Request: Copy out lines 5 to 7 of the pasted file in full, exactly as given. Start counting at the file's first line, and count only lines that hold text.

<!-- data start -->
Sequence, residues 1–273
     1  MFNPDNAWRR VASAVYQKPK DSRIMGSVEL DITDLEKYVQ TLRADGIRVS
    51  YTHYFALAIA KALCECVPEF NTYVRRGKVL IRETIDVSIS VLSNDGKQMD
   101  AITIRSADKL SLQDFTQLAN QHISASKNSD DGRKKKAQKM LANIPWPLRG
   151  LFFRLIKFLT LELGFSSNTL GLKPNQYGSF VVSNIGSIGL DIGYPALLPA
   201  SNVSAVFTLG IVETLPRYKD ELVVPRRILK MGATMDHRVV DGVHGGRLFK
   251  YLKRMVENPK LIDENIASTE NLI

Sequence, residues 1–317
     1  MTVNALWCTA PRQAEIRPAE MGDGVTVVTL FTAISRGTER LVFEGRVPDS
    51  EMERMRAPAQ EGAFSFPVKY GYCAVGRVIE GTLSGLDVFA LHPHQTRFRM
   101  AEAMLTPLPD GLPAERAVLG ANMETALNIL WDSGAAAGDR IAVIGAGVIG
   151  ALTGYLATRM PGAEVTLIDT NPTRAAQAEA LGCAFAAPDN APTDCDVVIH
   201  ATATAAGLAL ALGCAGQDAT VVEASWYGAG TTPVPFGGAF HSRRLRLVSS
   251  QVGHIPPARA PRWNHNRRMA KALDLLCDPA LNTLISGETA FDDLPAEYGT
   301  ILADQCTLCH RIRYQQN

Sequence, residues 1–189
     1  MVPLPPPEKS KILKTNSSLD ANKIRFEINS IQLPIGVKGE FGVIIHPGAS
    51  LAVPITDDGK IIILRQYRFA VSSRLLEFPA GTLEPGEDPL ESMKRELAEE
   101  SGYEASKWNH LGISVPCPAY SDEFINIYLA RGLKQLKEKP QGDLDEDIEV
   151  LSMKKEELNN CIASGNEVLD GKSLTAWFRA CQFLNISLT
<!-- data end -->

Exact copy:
   151  LFFRLIKFLT LELGFSSNTL GLKPNQYGSF VVSNIGSIGL DIGYPALLPA
   201  SNVSAVFTLG IVETLPRYKD ELVVPRRILK MGATMDHRVV DGVHGGRLFK
   251  YLKRMVENPK LIDENIASTE NLI